America's elite colleges are facing growing calls to end the decades-old tradition of giving an admissions boost to the children of alumni — a practice that critics say is rooted in racism and bestows an unfair advantage to students who need it least.
Fueled by the national reckoning with racial injustice, opponents say they are gaining momentum in the battle over the contentious policy of legacy preferences.
Ivy League students are pressing administrators to abandon the policy. Yale's student government took a stance against the practice in November. A recent vote of Harvard students found that 60% oppose it. Hundreds of students and alumni across 30 colleges have promised to withhold financial donations over the issue.
Civil rights groups are increasingly adding their support, including the American Civil Liberties Union, which is tackling legacy preferences as part of a campaign against systematic racism.
And a bill in Congress aims to eliminate the practice.
The proposal from Democrats would outlaw preferences for children of alumni or donors at colleges that receive federal money. It's being pushed by the party's progressive wing but has gained support from some conservative activists who want college admissions to be based on merit alone.
Legacy preferences give an extra boost to predominantly white and wealthy legacy students, while "leaving out millions of Black and brown kids," said Representative Jamaal Bowman, a Democrat from New York, a sponsor.
"There has been a shift in the consciousness of the country around issues of inequity and inequality," Bowman said in an interview. "There's a real yearning to right the wrongs of our past."
In the heavily guarded world of college admissions, it's hard to know exactly how many legacy students get a nudge. But at some of the most selective colleges, students with family ties make up 10% to 20% of the latest incoming class, according to data released by colleges in response to an Associated Press request.
On many campuses, the opposition is being led by students of color and those who are the first in their families to attend college. They say legacy status is one more advantage for students who are already more likely to have access to tutoring, test prep and other help applying to college.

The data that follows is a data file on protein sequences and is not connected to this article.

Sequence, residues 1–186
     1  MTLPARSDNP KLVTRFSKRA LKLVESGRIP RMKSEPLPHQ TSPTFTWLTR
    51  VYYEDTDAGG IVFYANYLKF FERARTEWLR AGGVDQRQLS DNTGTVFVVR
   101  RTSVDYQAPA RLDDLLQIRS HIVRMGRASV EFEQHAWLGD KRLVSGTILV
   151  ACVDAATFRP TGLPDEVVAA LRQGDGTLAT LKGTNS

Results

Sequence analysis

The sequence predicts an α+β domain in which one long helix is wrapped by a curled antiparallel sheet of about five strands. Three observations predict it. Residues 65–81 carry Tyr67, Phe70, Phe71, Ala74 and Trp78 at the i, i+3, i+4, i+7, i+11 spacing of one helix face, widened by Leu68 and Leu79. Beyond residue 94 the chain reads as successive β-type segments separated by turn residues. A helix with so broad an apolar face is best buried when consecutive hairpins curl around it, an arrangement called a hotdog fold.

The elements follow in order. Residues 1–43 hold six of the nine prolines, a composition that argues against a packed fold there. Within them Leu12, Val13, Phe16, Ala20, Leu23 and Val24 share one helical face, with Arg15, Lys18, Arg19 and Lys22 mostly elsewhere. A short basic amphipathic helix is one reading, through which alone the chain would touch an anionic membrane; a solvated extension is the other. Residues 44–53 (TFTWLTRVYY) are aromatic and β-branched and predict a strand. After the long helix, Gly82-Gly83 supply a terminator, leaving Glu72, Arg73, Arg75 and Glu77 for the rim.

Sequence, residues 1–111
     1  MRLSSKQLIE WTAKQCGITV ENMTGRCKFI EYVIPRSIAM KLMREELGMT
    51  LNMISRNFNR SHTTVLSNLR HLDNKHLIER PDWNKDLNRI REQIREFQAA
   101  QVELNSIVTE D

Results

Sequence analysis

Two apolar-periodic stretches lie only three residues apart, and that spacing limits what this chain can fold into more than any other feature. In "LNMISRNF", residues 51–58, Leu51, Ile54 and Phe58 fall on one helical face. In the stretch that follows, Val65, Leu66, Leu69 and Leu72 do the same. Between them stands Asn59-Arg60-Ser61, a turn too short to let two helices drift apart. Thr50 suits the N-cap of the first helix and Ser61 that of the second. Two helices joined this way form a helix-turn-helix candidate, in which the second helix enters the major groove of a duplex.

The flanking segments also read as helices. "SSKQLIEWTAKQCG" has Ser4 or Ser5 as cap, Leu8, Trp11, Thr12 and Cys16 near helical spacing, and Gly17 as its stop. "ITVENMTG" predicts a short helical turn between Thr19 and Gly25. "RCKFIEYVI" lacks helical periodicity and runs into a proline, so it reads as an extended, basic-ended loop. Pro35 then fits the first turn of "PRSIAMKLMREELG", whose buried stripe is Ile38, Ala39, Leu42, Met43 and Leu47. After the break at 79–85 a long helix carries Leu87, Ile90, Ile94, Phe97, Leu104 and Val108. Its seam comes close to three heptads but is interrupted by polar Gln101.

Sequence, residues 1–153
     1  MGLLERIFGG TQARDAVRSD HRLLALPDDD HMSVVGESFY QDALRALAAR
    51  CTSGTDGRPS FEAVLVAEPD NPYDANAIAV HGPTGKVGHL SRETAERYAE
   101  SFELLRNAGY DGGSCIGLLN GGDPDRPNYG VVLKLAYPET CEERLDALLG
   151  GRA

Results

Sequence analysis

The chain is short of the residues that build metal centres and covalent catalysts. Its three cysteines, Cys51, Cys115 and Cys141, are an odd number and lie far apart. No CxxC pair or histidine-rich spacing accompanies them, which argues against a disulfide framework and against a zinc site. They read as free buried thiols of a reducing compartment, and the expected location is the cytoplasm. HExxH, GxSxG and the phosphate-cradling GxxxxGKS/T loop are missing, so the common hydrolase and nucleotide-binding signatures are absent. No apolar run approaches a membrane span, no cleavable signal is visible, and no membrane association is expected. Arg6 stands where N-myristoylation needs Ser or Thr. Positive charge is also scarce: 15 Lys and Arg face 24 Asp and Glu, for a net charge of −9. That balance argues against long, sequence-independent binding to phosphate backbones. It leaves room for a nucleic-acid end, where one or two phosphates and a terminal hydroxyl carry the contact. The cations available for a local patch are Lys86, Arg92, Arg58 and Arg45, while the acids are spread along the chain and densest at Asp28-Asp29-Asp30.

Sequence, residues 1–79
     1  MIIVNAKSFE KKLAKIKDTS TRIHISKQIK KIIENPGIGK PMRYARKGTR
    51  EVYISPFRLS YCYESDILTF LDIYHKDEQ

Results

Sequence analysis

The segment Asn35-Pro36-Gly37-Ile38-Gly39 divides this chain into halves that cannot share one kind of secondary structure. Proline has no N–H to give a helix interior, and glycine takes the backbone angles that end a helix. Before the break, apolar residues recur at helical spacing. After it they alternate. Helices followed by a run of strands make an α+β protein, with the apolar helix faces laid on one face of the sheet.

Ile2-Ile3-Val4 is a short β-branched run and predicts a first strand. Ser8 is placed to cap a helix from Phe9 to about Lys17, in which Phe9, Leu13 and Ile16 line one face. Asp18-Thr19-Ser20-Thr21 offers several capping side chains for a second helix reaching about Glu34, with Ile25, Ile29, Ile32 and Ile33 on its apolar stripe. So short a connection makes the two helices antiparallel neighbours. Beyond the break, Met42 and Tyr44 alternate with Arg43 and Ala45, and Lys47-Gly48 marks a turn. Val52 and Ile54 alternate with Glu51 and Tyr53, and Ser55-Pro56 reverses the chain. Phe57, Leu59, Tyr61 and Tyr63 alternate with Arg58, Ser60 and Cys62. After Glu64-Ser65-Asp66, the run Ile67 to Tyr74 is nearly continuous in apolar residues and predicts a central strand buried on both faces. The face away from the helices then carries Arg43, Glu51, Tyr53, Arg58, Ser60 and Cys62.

Zoe Fuad, a junior at Brown University, said it reinforces a "cycle of inequity" that was designed to serve wealthy white men.
"By perpetually giving advantages to their descendants, we're ensuring that those who were systemically favored continue to be favored," said Fuad, 20, who leads a student group that's challenging the practice at Brown.
Many prestigious colleges defend legacy admissions, saying it helps build an alumni community and encourages donations. Officials at Harvard and other schools argue that legacy status is just one of many factors considered in admissions, along with grades, test scores and pursuits outside school. At most, they say, it can provide a slight tip in a student's favor.
Still, two colleges have ended the practice recently, giving opponents hope that others will follow.
Amherst College in Massachusetts dropped the policy in October, saying it "inadvertently limits educational opportunity." Johns Hopkins University announced in 2020 that it had phased out legacy preferences. Since then, the school has drawn growing numbers of Black and Hispanic students, along with those from low-income families.
The pushback against legacy preferences is advancing amid a broader debate over fairness in college admissions.
Last month the Supreme Court agreed to review whether colleges can consider applicants' race as a way to expand diversity. The court will take up lawsuits alleging that Harvard University and the University of North Carolina discriminate against Asian American applicants in favor of Black and Hispanic students.
In a rare moment of bipartisan unity, the conservative strategist behind those suits voiced support for the Democrats' bill against legacy benefits. In a statement, Edward Blum said too many colleges "lower the admissions bar for the children of their alumni."
Senator Jeff Merkley, a Democrat from Oregon, a sponsor of the bill, said it aims to level the playing field for minority students and those from working-class families.